eatToday a region of the South Island including the city of Christchurch suffered a devastating series of earthquakes, almost six months after a magnitude 7.1 struck. Whereas the first quake was miraculously free from loss of life, the situation this time is very different. The full enormity of the impact of today’s quakes is yet to be realised.

In light of today’s events I wanted to post a few words and pictures about a fantastic long weekend we had down in the Christchurch and Banks Peninsula area three years ago.

Christchurch is the South Island’s largest city and is 45 minutes by air from Wellington. Mike and I flew down and collected a rental car, heading for the inner city to enjoy breakfast at a cafe near the Avon River. We didn’t linger too long but did walk around the Bridge of Remembrance world war memorial – I wonder what the state of that is now.

The first of our two nights away was at Sumner, a seaside suburb about half an hour from central Christchurch. We loved Sumner – nestled above and below high cliffs, it had a lovely village vibe to it with good access to beach and interesting rock formations to walk around. Today those cliffs made Sumner especially vulnerable.

Sumner as seen from the Port Hills

One of the most striking geographical aspects of Christchurch is the Port Hills – the hills between the city and the town of Lyttleton where the South Island’s biggest deep-water port is located. The hills have quite an extensive road network across them and it is really interesting just driving around looking at the landscape and the various features and lookouts.

The following day we headed south into the Banks Peninsula, beginning with a short stop in Lyttleton. One of the roads to Lyttleton goes around the side of the hills with places to stop and look over the port. Today slips came down cutting off that road – as well as the main tunnel route.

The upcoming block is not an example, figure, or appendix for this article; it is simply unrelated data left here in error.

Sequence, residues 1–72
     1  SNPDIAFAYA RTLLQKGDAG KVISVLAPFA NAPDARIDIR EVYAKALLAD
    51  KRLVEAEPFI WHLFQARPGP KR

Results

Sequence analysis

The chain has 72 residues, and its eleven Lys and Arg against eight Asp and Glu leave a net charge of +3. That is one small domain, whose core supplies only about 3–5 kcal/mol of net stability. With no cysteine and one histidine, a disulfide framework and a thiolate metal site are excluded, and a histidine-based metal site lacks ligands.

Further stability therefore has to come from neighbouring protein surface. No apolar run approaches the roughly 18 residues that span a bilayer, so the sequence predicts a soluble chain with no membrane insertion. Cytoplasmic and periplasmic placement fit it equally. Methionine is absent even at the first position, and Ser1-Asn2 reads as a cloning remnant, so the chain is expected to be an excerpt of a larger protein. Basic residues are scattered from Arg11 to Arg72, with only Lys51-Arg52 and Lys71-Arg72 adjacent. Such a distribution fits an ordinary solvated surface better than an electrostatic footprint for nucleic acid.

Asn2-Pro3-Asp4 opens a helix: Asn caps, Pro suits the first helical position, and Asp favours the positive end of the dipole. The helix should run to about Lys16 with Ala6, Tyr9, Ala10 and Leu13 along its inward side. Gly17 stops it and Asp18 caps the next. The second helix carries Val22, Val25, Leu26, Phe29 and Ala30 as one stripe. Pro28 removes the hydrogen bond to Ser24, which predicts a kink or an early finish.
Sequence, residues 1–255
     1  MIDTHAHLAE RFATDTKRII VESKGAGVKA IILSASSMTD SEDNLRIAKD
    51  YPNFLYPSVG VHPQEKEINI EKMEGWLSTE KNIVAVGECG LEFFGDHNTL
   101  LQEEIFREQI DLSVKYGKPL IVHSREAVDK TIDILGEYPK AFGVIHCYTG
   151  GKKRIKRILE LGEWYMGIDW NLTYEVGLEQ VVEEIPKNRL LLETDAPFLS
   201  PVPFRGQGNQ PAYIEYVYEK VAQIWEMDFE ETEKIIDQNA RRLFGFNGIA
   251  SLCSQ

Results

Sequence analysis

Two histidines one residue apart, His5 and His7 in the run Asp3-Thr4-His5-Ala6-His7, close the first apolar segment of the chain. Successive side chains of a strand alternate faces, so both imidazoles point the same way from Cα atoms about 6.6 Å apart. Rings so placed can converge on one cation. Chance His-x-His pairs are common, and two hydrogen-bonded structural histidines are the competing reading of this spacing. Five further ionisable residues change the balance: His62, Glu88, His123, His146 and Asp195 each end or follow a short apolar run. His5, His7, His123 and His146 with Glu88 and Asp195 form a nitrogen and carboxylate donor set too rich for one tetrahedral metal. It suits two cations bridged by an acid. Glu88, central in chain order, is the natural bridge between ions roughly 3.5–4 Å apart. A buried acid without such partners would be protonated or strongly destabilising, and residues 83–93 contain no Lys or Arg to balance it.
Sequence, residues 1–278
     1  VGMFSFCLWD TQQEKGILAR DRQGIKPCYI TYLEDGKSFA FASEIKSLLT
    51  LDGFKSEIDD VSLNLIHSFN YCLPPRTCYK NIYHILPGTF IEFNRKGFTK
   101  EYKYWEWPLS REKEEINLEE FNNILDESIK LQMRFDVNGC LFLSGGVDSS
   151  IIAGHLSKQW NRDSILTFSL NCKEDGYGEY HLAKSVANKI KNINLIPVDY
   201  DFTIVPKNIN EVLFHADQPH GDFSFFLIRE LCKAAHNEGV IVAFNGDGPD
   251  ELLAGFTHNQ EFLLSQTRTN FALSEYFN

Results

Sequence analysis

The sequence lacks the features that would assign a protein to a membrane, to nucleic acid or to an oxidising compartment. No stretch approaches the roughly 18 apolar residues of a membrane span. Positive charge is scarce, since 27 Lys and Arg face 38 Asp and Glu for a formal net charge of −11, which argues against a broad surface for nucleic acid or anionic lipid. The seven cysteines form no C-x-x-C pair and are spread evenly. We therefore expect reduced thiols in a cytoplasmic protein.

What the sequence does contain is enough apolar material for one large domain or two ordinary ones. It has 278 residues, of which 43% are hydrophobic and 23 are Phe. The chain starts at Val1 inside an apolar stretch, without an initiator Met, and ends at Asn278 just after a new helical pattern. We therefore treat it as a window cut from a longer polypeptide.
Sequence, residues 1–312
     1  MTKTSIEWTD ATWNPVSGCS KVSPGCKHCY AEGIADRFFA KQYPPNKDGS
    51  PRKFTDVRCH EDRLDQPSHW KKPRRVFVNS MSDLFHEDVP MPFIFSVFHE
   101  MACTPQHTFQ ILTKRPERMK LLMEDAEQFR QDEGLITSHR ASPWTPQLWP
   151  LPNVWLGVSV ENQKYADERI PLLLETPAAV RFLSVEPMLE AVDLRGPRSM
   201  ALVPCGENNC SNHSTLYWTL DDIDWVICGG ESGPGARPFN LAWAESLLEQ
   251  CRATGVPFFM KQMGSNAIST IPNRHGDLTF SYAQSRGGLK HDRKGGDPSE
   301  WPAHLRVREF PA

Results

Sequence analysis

Looking out over Port Lyttleton

Lyttleton was the epicenter of today’s quakes. We were really quite taken with it on our visit, it could easily be a fairly rough and ready port servicing town but it had a real charm with its heritage buildings given new life from vibrant shops and cafes. There were also some beautiful houses and gardens if I recall.

The port town of Lyttleton

Our destination for the night was Akaroa, a lovely settlement with British and French origins located in the Akaroa harbour on the southern end of the peninsula. Only 75kms from Christchurch, it is a fantastic drive and we enjoyed it despite our very budget rental car. The superb weather highlighted everything to perfection, particularly once we arrived in Akaroa. A more picturesque and idyllic seaside village you would be hard pressed to find. We have not yet heard how they fared today.

The Akaroa waterfront as seen from our hotel

A little pier in Akaroa

Back in Christchurch the following day and with spare time before our flight, we drove out to the suburb of New Brighton. The big feature here is a 300m pier on an 18km long sandy beach. A wet and grey day it nonetheless was a great way to end our weekend.

Lake Ellesmere in Banks Peninsula, a quick detour off the main road

The New Brighton pier

I’m sure the events of today have changed forever some of what we saw three years ago, making these fond memories all the more special.

A damp stroll on the New Brighton pier